In South Africa we celebrate Women’s Day on 9 August each year in homage to the women of our nation who fought tirelessly against the tyranny of the Apartheid government.
The Cape winelands have a long lineage of inspirational women. One of the most fascinating tales is that of Ansela van de Caab (a surname given to slaves which means ‘from the Cape’), who started out her life being born to a slave in the Castle and ended up having a secret love affair with Laurens Campher, a dashing German soldier in the service of the Dutch East India Company. He was granted a farm by Governor Wilhelm Adriaan van der Stel in 1685 and subsequently moved to Muratie , his piece of land at the foot of the Simonsberg mountains, some 40km from Cape Town. He used to walk, an arduous three-day journey, to visit Ansela in the Cape slave quarters. In 1699, Ansela was released after being baptised in the Castle. Laurens fetched her and their three children – Cornelius, Jacoba and Agenetjie – and took them to their new home, Muratie, where she lived the rest of her life in freedom.
The current owners of this historic estate in Stellenbosch, the Melck family, honoured the role she played in the history of their farm by naming their flagship Bordeaux-style red blend after her.
Then there’s another one of my favourite winelands stories, that of Catharina Ustings, the unconventional first owner of Steenberg (Mountain of Stones), a widow from Germany who stowed away on a ship and landed at the Cape dressed as a man! A feisty pioneer, she outlived four of her five husbands. Legend has it that she hunted on horseback and shot the lion that took her second husband, Hans Ras, whom she married within two months of her arrival. Her third husband was killed by marauding tribesmen and her fourth was trampled underfoot by elephant! After she took a fifth husband, Matthys Michelse, she was granted permissions to lease the farm they were living on with her five children, which was formerly named Swaaneweide (The Feeding Place of Swans) in 1682. Governor Simon van der Stel later granted her request for the 25-morgen property in what is now the ward of Constantia, the cradle of winemaking in South Afirca, bequeathing it to her as a gift. Catharina later approached the governor for a legal title deed for her land and took ownership in 1688, becoming the first woman to own property in the Cape.
Catharina’s, Steenberg’s fine dining restaurant, is named after her.
And don’t forget to raise a glass of the Cape’s finest in tribute to the matriarchs of the winelands who have played an integral role in the success of their family wine farms in more recent times – there are at least four who immediately spring to mind.
Warwick’s First Lady range of wines was named after matriarch Norma Ratcliffe, who is often referred to as ‘The First Lady of South African wine’, as she was one of the first women in the country to make wine in this traditionally male-dominated arena. Canadian-born Norma has played a pivotal role in the success of this family-run wine estate on the outskirts of Stellenbosch. She was also the first woman to become a member of the prestigious Cape Winemakers Guild and the only woman to have served as its chairperson to date. It’s been a year of milestones for Warwick. The late Stan Ratcliffe purchased the farm 50 years ago in 1964 and their first wine, the Warwick Cabernet Sauvignon, called La Femme Bleu (The Blue Lady), was released 30 years ago in 1984. Although Norma has handed over the reins – her son Mike is now Warwick’s MD – she remains very much involved in the estate and acts as Warwick’s own ‘style director’, advising the winemaking team.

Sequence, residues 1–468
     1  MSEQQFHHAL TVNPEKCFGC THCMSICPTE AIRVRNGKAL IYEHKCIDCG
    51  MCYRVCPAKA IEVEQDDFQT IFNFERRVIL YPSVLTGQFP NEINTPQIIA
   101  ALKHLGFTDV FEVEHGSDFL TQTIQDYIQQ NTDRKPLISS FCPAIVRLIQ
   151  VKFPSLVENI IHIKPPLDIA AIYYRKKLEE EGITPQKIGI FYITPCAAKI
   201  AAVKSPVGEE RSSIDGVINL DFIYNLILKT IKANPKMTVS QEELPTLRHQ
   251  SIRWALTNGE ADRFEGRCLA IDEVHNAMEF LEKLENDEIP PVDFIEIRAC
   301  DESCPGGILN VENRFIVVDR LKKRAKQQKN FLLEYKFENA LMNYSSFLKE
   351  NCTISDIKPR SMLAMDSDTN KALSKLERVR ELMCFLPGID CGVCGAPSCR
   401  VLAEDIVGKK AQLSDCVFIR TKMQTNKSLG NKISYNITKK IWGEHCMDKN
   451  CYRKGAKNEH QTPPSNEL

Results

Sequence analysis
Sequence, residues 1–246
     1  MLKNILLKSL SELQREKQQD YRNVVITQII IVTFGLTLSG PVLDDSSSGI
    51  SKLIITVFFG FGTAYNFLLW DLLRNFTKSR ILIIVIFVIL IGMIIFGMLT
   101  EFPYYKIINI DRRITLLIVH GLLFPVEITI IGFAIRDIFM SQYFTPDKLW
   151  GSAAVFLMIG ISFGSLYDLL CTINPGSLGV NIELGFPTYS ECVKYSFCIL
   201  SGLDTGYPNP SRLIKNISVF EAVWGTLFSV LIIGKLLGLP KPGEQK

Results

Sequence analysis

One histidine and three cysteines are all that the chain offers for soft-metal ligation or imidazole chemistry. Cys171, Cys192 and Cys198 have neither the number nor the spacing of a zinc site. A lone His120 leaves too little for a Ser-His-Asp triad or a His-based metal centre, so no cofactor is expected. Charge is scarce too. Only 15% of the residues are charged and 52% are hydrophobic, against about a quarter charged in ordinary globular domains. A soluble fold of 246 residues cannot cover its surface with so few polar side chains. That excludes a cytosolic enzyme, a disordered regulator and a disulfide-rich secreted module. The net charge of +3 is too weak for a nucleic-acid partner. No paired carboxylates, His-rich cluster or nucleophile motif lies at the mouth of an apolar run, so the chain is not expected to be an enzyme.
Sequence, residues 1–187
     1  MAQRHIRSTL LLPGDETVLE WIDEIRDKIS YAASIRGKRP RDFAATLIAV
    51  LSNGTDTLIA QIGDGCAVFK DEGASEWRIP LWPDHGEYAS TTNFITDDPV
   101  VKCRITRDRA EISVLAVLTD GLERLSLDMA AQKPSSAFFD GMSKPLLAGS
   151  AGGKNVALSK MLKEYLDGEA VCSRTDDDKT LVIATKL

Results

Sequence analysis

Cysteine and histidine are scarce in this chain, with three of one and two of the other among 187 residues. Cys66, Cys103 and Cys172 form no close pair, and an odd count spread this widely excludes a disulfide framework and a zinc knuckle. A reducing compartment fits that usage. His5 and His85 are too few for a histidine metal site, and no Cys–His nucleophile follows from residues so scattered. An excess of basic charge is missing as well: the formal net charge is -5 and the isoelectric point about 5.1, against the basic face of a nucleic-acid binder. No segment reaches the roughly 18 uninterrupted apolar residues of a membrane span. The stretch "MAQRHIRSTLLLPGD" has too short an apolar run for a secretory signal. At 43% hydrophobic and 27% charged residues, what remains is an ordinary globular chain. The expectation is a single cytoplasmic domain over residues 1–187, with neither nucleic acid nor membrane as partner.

Vera Sperling of nearby Delheim was the creative driving force behind her husband, legendary winemaker Michael ‘Spatz’ Sperling, and played a signiificant role in making Delheim the much-loved family winery it is today. Spatz set sale on the Winchester Castle from Germany to South Africa to work on his Aunt Deli and her husband Hans Hoheisens’s farm on the slopes of the Simonsberg in 1951. The farm, then called De Drie Sprong, was later renamed Delheim (Deli’s Home). In 1975, Spatz bought a second farm, as he needed land suitable for growing red-wine varieties. These high-quality low-yielding Vera Cruz (Vera’s Cross) vineyards are named in honour of her (it’s been wryly suggested that the name reflects the cross and suffering she has had to bear since marrying the inimitable Spatz in 1965). Their son Victor and daughter Nora Sperling Thiel are now the hands-on management team.
Artist Jayne Beaumont of Beaumont Wines and her late husband Raoul Beaumont bought historic Compagnes Drift Farm in Bot River in the 1970s. They started making their own artisanal range of wines in the original wine cellar with its antique basket presses and open cement kuipe (fermenters), the oldest in the region, in 1994. The wines were initially made by Jayne, then later by Niels Verburg, who now has his own nearby wine farm and label, Luddite. Oldest son Sebastian, who returned to the farm in 1999 after graduating in oenology and viticulture at Elsenburg, is now at the helm. Honouring another inspirational matriarch in the Beaumont family is the acclaimed Hope Marguerite Chenin Blanc, which is dedicated to Raoul’s mother.
Lesca de Wet, wife of highly regarded cellarmaster Danie de Wet of De Wetshof , is a force to be reckoned with when it comes to sales and marketing. Her considerable contribution has seen this Robertson estate win the President’s Export Achievement Award an impressive five times! The future seems assured as their sons Johann and Peter, the third generation of De Wets on the family farm, have joined them in their wine business as marketer and winemaker respectively.
These are but a few of the many inspirational women across the winelands who paved the way for women in the wine industry today and are deserving of a Women’s Day toast. Cheers!
– Lindsaye Mc Gregor